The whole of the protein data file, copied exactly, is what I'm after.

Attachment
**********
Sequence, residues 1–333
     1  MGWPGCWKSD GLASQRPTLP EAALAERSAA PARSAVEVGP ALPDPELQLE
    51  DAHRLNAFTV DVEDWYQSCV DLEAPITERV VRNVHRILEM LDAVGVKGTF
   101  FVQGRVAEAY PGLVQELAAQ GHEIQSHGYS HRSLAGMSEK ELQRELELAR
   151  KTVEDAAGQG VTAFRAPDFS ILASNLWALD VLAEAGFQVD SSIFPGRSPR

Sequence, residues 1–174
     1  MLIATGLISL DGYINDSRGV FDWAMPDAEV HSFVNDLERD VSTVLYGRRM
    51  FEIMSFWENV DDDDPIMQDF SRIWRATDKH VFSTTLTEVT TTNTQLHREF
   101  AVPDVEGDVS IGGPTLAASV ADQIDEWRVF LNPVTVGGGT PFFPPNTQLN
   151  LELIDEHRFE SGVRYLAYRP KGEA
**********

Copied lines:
Sequence, residues 1–333
     1  MGWPGCWKSD GLASQRPTLP EAALAERSAA PARSAVEVGP ALPDPELQLE
    51  DAHRLNAFTV DVEDWYQSCV DLEAPITERV VRNVHRILEM LDAVGVKGTF
   101  FVQGRVAEAY PGLVQELAAQ GHEIQSHGYS HRSLAGMSEK ELQRELELAR
   151  KTVEDAAGQG VTAFRAPDFS ILASNLWALD VLAEAGFQVD SSIFPGRSPR

Sequence, residues 1–174
     1  MLIATGLISL DGYINDSRGV FDWAMPDAEV HSFVNDLERD VSTVLYGRRM
    51  FEIMSFWENV DDDDPIMQDF SRIWRATDKH VFSTTLTEVT TTNTQLHREF
   101  AVPDVEGDVS IGGPTLAASV ADQIDEWRVF LNPVTVGGGT PFFPPNTQLN
   151  LELIDEHRFE SGVRYLAYRP KGEA